UIP is characterized histologically by a patchy heterogeneous pattern with foci of normal lung, interstitial inflammation, fibroblastic proliferation, interstitial fibrosis, and honeycombing. Temporal heterogeneity is an important histologic feature and helps to distinguish UIP from DIP. Although the terms UIP and idiopathic pulmonary fibrosis (IPF) are often used interchangeably, the term IPF should be applied only to the clinical syndrome associated with the morphologic pattern of UIP. The typical CT features of UIP are a predominantly basal and subpleural reticular interstitial pattern with honeycombing and traction bronchiectasis (Fig. 3.13). Ground-glass opacity and consolidation can be seen but are not dominant features. Architectural distortion, reflecting lung fibrosis, is often prominent. In the correct clinical context, the CT features of UIP are often diagnostic. The presence of honeycombing as a predominant imaging finding is highly specific for UIP and can be used to differentiate it from NSIP, particularly when the distribution is patchy and subpleural-predominant (5). The presence of predominant ground-glass and reticular opacities is highly characteristic of NSIP, but there is a subset of patients with UIP who have this pattern and may require biopsy for differentiation from NSIP (Fig. 3.14). Distinction of UIP from other IIPs is important, because UIP is associated with a poorer prognosis than the other entities.
Morphologic Pattern (Histologic and Radiologic)
UIP (clinical diagnosis of IPF)
Basal and subpleural–predominant distribution, reticular opacities (often with honeycombing), traction bronchiectasis, and architectural distortion
NSIP (clinical diagnosis of NSIP)
Basal-predominant distribution, ground-glass and reticular opacities
DIP (clinical diagnosis of DIP)
Basal and lower lung–predominant distribution, ground-glass opacities, sometimes with cysts
Respiratory bronchiolitis (clinical diagnosis of RB-ILD)
Centrilobular distribution, ground-glass opacity, typically nodular
Organizing pneumonia (clinical diagnosis of COP)
Basal and subpleural–predominant distribution, ground-glass opacity, and consolidation; bronchovascular distribution is also common
Diffuse alveolar damage (clinical diagnosis of AIP)
Diffuse ground-glass opacity and consolidation
LIP (clinical diagnosis of LIP)
Bronchovascular distribution is common, ground-glass and reticular opacities and perivascular cysts
UIP, usual interstitial pneumonia; IPF, idiopathic pulmonary fibrosis; NSIP, nonspecific interstitial pneumonia; DIP, desquamative interstitial pneumonia; RB-ILD, respiratory bronchiolitis–associated interstitial lung disease; COP, cryptogenic organizing pneumonia; AIP, acute interstitial pneumonia; LIP, lymphoid interstitial pneumonia.
NSIP is characterized histologically by spatially homogeneous alveolar wall thickening caused by inflammation, fibrosis, or both. The spatial and temporal homogeneity of this pattern is important in distinguishing NSIP from UIP. The prognosis of NSIP is substantially better than that of UIP. Patients with NSIP are more commonly female and generally have a younger mean age than patients with UIP. The typical CT feature of NSIP is predominantly basilar ground-glass and reticular opacities (Fig. 3.15). Consolidation is uncommon and honeycombing is rare. The parenchymal abnormalities of NSIP may be reversible on follow-up CT scanning. Because the CT features of NSIP may overlap with those of organizing pneumonia, DIP, and UIP, a surgical lung biopsy should be considered when the CT pattern suggests NSIP (Fig. 3.16).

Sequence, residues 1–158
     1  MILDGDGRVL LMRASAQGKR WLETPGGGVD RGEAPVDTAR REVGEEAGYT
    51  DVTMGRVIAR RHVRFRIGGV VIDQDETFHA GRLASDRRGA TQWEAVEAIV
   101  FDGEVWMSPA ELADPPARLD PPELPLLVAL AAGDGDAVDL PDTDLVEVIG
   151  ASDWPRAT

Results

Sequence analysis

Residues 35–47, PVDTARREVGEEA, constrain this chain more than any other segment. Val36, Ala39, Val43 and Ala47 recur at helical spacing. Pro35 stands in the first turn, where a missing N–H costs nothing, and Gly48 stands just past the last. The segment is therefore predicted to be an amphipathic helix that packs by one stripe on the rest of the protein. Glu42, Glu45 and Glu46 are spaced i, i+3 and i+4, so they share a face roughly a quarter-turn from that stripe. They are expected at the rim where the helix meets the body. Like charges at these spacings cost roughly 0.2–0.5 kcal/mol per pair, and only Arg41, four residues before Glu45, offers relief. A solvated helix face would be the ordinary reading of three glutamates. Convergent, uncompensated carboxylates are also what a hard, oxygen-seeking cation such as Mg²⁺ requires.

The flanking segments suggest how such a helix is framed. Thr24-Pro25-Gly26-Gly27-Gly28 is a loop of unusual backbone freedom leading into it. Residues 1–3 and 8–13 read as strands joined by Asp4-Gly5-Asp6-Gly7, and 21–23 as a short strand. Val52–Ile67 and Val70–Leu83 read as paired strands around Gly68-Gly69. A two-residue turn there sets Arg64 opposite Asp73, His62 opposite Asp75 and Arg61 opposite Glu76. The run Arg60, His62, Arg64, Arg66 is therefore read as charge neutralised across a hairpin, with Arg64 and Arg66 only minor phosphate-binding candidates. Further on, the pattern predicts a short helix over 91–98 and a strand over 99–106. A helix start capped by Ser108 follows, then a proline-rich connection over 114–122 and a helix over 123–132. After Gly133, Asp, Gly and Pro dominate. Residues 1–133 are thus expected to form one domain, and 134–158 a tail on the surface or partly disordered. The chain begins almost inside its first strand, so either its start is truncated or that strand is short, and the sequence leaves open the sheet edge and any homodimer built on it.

DIP is characterized histologically by spatially homogeneous thickening of alveolar septa, which is associated with intra-alveolar accumulation of macrophages. The term desquamative refers to an initially incorrect belief that the intra-alveolar macrophages represented desquamated alveolar cells. The majority of patients are cigarette smokers in their fourth or fifth decade of life (6). DIP is more common in men than in women. Most patients improve with cessation of smoking and oral corticosteroids. The histologic features of DIP are similar to those of RB-ILD (a condition seen exclusively in smokers), although the distribution of DIP is diffuse and RB-ILD has a predominantly bronchiolocentric distribution. The typical CT feature of DIP is ground-glass opacity in a predominantly lower lung distribution (Figs. 3.17 and 3.18). Reticulation is frequently seen but is typically limited to the lung bases. Well-defined cysts can occur within the areas of ground-glass opacity.
Respiratory bronchiolitis is a histopathologic lesion found in cigarette smokers and is characterized by the presence of pigmented intraluminal macrophages within respiratory bronchioles (4). It is usually asymptomatic. In rare cases, patients who are heavy smokers may develop RB-ILD, a condition characterized by pulmonary symptoms, abnormal pulmonary function, and imaging abnormalities, with respiratory bronchiolitis being the only histologic lesion identified on lung biopsy. Respiratory bronchiolitis, RB-ILD, and DIP are regarded as a continuum of smoking-related lung injuries. The CT features of patients with asymptomatic respiratory bronchiolitis show ground-glass centrilobular nodules and patchy areas of ground-glass opacity (Fig. 3.19). In RB-ILD, the findings are more extensive (Fig. 3.20) but are at least partially reversible in patients who stop smoking. The imaging features of RB-ILD may be similar to those of hypersensitivity pneumonitis and NSIP. Patients with hypersensitivity pneumonitis often have a history of exposure to an inciting agent and are usually nonsmokers.